Contingency and Political Action: The Role of Leadership in Endogenously Created Crises

Open Access Journal | ISSN: 2183-2463

Article | Open Access

Contingency and Political Action: The Role of Leadership in Endogenously Created Crises


  • András Körösényi Institute for Political Science, Centre for Social Sciences, Hungarian Academy of Sciences, Hungary
  • Gábor Illés Institute for Political Science, Centre for Social Sciences, Hungarian Academy of Sciences, Hungary
  • Rudolf Metz Institute for Political Science, Centre for Social Sciences, Hungarian Academy of Sciences, Hungary


Full Text   PDF (free download)
Views: 2542 | Downloads: 1561


Abstract:  Among the recent literature about leadership and crisis situations two main strands are to be observed: structuralist ones mainly treat political leaders as reactive agents who have relatively little room for maneuver, while constructivist ones put greater emphasis on the opportunities in interpreting crises. Our claim is that there is a third analytical possibility mainly neglected in recent literature that is even more voluntaristic than the constructivist approaches. In this scenario, there is no external shock; leaders do not only interpret, but also “invent” crises. To make our claim plausible, we build a conceptual-descriptive typology of the potential relationships between crisis situations and agency. The typology is founded on Kari Palonen’s differentiation between Machiavellian and Weberian types of contingency, but uses his originally conceptual historical argument for analytical purposes. To underpin our theoretical argument, we present short illustrative examples to all three types of crisis scenarios (the structuralist, the constructivist, and the voluntarist one).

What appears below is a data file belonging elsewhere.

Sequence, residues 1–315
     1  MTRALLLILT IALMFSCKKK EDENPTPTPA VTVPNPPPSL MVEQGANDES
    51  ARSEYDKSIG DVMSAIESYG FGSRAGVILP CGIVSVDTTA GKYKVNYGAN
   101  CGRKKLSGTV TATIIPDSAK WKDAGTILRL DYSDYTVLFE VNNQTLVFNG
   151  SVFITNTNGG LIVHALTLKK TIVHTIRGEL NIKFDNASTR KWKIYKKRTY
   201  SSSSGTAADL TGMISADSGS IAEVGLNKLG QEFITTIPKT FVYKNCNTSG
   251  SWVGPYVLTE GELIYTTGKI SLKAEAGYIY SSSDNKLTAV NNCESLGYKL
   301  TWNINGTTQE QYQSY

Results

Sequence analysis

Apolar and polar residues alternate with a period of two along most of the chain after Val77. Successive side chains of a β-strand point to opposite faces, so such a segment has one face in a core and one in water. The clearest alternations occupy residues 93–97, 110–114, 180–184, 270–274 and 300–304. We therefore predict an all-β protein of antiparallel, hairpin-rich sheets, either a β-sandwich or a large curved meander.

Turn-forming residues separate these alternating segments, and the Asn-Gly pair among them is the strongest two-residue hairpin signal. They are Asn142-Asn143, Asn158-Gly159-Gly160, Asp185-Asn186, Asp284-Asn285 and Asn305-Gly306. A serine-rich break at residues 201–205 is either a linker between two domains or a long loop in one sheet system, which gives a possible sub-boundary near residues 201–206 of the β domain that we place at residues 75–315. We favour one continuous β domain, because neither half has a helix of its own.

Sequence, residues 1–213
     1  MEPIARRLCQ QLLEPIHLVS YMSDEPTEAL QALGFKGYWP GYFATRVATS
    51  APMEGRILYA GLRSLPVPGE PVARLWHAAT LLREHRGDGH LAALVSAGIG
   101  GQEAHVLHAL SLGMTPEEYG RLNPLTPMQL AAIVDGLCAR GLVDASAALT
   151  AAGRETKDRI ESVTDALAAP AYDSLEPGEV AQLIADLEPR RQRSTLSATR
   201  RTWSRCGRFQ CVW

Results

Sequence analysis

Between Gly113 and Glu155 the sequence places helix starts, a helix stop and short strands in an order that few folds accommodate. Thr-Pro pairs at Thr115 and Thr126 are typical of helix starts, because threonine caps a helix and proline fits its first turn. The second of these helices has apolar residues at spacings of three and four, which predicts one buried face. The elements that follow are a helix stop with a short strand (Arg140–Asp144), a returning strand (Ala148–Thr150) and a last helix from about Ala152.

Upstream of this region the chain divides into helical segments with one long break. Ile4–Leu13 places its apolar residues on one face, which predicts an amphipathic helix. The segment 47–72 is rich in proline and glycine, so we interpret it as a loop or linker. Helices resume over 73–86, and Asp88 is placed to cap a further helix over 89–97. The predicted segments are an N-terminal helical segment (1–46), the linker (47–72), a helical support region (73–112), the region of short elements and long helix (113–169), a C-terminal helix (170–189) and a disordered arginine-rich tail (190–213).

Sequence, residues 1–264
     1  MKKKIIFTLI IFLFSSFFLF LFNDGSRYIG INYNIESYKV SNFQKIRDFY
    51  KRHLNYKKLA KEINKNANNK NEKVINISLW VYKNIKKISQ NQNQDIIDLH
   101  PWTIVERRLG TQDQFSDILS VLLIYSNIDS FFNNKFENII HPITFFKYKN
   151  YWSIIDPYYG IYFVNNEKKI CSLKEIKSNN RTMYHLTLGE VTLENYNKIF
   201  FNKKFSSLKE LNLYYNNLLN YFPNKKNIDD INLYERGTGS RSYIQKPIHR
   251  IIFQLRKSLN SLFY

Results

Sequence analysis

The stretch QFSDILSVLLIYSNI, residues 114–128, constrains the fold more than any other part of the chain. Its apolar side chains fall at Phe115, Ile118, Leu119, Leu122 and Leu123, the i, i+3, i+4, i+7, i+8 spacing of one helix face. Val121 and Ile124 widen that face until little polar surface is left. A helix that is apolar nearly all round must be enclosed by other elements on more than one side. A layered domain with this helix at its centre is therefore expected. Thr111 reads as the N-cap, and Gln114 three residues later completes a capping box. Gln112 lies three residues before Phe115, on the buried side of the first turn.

Keywords:  Bush; contingency; crisis; leadership; Machiavelli; Orbán; Weber

Published:   23 June 2016


DOI: https://doi.org/10.17645/pag.v4i2.530


© András Körösényi, Gábor Illés, Rudolf Metz. This is an open access article distributed under the terms of the Creative Commons Attribution 4.0 license (http://creativecommons.org/licenses/by/4.0), which permits any use, distribution, and reproduction of the work without further permission provided the original author(s) and source are credited.